Local authorities say it's time to discuss how to fund the fixes for coastal hazard risks between Clifton and Tangoio.
Next week, the councillors from Napier, Hastings and HBRC will discuss what the funding model might look like. It is widely accepted that coastal hazard solutions are expensive to implement and involve long-term commitment.
A fit-for-purpose funding approach needs to be established for Napier and Hastings communities, one that may in time be extended to serve Wairoa and Central HB.
Climate change on the East Coast means 'dry and dryer' in the years ahead. The flipside of this is sea level rise with more frequent and intense storms.
If no adaptation occurs, these changes will inundate low-lying coastal settlements, contribute to coastal erosion and leave communities more vulnerable to tsunami effects.
Two community-based assessment panels - one to the north, the other south of Napier Port - have arrived at uncosted fixes.
These initially favour renourishment, groynes and seawalls. The task ahead for the project's council's is to establish a 'first principles' approach for cost allocation and funding to enable the community panels to consider how this might affect the affordability of their preferred options.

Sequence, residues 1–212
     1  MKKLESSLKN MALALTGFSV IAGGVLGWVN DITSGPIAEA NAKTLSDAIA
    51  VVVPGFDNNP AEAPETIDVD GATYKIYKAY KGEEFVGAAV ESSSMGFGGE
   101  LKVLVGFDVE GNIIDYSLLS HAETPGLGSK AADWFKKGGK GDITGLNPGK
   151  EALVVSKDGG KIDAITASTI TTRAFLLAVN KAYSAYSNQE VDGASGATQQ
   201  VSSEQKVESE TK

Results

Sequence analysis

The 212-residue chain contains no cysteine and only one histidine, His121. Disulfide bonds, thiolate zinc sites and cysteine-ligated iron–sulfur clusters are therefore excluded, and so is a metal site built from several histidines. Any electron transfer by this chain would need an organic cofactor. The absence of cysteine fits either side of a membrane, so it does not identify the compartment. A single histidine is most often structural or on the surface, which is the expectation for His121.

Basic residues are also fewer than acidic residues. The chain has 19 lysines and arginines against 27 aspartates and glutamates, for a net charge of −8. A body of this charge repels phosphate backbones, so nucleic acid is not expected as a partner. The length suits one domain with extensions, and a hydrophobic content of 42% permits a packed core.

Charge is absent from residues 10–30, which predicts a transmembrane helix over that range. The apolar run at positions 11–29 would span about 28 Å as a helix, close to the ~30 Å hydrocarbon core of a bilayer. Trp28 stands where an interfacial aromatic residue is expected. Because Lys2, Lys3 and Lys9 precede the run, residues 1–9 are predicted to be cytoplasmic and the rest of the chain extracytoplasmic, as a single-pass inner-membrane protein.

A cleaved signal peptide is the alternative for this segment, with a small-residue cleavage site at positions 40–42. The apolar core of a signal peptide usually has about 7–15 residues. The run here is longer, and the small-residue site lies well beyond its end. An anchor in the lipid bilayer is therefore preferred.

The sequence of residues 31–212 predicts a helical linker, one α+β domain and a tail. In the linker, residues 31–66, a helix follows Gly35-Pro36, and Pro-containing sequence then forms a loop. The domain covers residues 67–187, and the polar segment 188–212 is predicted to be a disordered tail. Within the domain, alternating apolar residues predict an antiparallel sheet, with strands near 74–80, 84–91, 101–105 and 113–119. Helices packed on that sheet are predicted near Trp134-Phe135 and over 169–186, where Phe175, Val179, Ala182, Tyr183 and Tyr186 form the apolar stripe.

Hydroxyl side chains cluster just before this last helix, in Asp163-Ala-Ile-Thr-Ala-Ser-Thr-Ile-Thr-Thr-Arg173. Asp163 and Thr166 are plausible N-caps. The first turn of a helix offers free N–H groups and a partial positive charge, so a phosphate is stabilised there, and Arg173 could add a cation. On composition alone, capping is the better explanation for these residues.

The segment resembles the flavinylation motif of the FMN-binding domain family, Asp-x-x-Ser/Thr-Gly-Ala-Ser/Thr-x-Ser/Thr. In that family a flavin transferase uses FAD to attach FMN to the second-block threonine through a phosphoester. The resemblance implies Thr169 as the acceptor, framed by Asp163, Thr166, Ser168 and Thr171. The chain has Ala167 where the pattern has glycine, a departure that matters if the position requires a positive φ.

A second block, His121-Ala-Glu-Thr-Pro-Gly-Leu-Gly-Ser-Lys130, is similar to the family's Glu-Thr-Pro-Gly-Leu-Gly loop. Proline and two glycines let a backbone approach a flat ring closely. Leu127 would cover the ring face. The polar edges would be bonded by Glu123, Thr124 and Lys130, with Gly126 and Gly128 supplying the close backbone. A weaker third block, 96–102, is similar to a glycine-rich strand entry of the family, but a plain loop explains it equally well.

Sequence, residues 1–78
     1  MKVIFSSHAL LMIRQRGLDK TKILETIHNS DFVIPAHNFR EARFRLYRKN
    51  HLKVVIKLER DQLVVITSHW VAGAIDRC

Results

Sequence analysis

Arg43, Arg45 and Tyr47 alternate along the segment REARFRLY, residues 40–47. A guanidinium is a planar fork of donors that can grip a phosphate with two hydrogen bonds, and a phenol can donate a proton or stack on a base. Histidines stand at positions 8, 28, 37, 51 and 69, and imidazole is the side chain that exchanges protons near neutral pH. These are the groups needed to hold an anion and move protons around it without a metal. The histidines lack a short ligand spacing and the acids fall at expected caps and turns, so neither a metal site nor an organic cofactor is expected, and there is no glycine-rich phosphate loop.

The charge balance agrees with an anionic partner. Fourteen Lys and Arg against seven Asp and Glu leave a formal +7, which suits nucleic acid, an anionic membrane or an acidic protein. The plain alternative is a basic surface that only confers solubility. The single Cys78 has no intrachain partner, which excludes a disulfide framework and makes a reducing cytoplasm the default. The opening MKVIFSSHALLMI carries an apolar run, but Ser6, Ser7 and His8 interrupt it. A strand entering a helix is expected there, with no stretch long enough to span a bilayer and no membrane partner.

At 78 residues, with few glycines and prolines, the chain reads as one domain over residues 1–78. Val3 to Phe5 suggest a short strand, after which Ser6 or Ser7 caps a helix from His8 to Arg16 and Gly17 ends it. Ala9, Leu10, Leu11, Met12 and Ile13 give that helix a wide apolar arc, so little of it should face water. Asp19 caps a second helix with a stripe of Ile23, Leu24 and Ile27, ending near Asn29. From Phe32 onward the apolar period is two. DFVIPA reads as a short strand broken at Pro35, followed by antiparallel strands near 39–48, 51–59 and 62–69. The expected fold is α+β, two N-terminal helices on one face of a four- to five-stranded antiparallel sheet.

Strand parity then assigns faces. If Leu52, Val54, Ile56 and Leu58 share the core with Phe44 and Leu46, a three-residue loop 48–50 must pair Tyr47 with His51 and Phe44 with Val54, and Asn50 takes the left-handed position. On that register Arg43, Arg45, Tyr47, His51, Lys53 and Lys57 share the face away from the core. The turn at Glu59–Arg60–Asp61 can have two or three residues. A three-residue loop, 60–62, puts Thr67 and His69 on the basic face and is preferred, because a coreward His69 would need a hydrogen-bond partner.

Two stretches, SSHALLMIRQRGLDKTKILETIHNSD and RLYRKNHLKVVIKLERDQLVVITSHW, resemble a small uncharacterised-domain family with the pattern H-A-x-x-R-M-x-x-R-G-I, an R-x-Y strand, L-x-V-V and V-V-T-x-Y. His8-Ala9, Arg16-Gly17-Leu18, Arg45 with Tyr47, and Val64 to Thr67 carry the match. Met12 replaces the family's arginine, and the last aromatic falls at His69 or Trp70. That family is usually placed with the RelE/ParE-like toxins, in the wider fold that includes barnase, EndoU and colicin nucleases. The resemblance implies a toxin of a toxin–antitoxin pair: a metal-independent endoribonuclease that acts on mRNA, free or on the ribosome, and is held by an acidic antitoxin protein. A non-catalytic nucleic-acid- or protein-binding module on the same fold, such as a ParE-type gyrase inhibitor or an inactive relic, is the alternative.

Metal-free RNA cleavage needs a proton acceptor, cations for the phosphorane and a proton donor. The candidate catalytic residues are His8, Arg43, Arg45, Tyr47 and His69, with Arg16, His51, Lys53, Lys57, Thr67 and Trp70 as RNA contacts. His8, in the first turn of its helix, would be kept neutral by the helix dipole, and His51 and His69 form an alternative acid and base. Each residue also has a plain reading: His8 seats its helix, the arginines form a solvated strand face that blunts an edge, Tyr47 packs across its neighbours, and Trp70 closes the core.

Joint committee chairman Peter Beaven said the fixes proposed by each panel were, so far, based on priorities - excluding cost.
"First, we wanted each coastal community to look at all available solutions over the next 100 years with no cost limitation," said Mr Beaven, "After starting with 18 options to reduce coastal hazard risks, we're down to about six.
"Of six remaining options, costs in the short, medium and long term will be significant. It is uncertain if these preferred fixes are affordable. Once we agree how the councils will fund the options, the assessment panels may decide to change their priorities, but that's not a council call."
Funding options up for discussion by the councils include targeted rates, loans and contributory funds, noting that the regional council already has a regional model in place to fund flood control schemes.
The Coastal Hazards project is due to wrap up in early 2018. A special consultative process in 2018 will focus on final recommendations.
The next steps now are for the northern and southern panels to hold a second round of community workshops, at the end of October, to consider the shortlist of fixes.